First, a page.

A few of you may be familiar with the above phrase, best used (in my experience) by yourself, about yourself, when someone is saying or doing something that is getting on your nerves.
But since it’s often easier to spot other people’s stuff than to recognize our own, let’s take a look at a work example from one of my clients:
Recently, a client arrived late to a meeting, where—due to her tardiness—she was confronted by a colleague claiming, “I can no longer trust you.”
Had this issue been an ongoing bone of contention? It had not.
Given that, my client was bewildered, what was up??
When we spoke about it, I mentioned, “If you spot it, you got it” and suggested that, perhaps, it wasn’t that her colleague couldn’t trust her, but that her colleague was having trouble trusting herself. Had she, perhaps, done something untrustworthy?
As it turned out, her colleague had been engaging in some shady behavior.
Now, as noted above, applying this concept to others is far easier than applying it to yourself, but taking a look at yourself is more valuable in the long run.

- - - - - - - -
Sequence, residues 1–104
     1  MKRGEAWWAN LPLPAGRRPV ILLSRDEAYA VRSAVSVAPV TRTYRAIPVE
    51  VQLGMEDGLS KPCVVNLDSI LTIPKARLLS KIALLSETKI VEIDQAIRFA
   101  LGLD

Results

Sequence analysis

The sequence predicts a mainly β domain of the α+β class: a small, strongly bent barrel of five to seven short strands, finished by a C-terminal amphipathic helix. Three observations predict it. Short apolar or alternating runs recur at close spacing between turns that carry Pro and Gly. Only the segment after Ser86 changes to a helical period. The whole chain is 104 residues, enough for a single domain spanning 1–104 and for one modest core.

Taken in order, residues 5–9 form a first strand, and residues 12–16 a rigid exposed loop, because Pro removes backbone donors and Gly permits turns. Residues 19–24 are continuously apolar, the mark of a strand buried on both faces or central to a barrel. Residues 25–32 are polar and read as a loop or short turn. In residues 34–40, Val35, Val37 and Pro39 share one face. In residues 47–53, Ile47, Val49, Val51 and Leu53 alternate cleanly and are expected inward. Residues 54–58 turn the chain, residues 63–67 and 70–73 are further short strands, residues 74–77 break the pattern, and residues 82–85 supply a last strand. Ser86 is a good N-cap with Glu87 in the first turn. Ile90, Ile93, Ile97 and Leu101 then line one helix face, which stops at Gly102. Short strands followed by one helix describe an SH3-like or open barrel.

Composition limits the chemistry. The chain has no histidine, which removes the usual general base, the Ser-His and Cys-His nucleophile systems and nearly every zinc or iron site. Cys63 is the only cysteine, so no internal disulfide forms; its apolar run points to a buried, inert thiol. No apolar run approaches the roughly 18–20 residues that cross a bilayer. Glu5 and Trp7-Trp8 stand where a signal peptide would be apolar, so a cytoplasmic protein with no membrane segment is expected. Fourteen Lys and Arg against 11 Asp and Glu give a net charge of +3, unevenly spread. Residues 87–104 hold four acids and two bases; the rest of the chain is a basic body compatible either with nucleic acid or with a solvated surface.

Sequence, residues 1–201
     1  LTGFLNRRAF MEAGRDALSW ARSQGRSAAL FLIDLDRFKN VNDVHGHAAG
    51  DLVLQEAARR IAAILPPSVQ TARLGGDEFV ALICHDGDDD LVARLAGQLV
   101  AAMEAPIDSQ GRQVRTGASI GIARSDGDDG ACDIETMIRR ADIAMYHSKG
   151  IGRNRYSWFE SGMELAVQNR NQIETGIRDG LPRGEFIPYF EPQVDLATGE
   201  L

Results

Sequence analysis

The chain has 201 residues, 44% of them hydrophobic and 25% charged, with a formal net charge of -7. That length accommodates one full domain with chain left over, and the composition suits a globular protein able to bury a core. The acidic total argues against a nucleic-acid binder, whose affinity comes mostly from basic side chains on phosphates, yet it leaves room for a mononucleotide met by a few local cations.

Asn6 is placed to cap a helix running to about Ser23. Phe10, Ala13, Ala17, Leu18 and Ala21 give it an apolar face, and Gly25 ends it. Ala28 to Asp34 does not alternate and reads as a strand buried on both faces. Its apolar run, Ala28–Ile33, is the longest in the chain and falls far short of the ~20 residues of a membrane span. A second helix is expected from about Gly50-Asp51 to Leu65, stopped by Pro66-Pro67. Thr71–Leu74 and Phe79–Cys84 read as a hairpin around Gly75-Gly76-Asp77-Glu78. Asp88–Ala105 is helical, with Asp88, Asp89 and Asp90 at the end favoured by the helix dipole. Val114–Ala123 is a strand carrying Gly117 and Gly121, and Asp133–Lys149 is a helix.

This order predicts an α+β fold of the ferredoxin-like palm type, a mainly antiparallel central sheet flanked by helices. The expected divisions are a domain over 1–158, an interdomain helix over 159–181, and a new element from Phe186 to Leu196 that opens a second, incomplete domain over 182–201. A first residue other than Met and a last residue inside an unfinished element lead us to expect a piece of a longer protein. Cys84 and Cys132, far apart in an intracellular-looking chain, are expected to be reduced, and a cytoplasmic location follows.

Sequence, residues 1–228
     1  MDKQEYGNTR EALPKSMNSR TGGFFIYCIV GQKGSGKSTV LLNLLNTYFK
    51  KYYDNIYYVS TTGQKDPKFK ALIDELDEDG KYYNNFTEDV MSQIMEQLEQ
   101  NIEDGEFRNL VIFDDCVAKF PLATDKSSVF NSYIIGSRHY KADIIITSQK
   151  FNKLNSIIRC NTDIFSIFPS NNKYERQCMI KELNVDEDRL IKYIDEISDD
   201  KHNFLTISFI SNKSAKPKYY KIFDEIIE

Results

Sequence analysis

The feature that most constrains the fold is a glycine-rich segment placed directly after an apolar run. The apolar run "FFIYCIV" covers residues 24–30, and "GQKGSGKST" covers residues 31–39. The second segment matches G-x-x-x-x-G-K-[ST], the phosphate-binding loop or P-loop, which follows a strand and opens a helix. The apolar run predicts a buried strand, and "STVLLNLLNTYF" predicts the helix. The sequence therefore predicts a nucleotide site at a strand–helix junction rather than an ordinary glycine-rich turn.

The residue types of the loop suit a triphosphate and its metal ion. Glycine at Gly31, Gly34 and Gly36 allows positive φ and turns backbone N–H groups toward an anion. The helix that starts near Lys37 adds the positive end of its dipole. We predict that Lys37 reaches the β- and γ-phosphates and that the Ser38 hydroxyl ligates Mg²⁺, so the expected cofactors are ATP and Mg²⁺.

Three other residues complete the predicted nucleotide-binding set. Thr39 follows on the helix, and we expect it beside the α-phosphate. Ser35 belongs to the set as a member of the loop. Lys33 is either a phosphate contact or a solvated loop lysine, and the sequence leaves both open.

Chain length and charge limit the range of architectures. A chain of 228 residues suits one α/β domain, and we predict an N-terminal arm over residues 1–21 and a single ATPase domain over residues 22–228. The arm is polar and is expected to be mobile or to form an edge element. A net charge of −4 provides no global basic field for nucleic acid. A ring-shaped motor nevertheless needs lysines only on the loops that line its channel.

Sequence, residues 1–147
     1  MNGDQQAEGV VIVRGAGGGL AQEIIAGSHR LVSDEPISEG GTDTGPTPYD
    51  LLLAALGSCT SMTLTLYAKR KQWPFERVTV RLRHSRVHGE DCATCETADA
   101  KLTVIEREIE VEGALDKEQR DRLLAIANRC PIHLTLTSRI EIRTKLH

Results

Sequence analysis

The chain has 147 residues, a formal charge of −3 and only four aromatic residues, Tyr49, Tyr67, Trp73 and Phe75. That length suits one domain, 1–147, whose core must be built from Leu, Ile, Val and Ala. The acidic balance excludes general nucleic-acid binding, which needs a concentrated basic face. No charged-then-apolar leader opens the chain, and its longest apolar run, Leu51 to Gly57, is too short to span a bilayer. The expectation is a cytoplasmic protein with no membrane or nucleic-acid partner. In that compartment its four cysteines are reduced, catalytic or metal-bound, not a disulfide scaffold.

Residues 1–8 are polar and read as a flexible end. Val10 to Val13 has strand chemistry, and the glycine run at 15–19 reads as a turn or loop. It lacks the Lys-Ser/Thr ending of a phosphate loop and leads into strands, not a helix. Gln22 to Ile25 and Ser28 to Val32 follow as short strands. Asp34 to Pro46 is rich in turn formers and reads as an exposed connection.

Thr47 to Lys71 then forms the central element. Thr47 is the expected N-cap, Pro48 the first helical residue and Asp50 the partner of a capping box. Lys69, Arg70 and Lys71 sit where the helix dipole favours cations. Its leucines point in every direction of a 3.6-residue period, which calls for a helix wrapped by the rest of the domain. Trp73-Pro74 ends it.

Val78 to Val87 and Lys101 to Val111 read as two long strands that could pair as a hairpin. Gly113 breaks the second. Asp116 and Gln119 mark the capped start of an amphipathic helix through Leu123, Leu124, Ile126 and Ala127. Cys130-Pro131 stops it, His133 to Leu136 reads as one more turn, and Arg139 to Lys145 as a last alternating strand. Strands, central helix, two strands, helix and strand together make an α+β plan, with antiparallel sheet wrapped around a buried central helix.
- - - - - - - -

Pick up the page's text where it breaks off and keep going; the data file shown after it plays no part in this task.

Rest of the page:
Here’s an example from my own experience:
I have a history of being, let’s say, “agitated” by people who complain and complain but do nothing to change the situation.
Frankly, it makes me cuckoo.
What I realize when I apply, “If you spot it, you got it”, however, is that *I* have been known to complain about things but not address them…. and that this is one of the qualities I like least about myself.
And the beauty of recognizing that is that once I do, I double down on resolving whatever it is I’ve been complaining about.
So if there is someone in your life whose choice you find baffling/maddening, I recommend turning the magnifying glass around and taking a look at yourself.
Ultimately, I think you’ll be happy about what you spot.
For more on understanding the complaints of others (not to mention your own) take a look at, “Catalyze Complaints: Turn your Complaints (and Others’) into Coping, Calm, or Conquest”.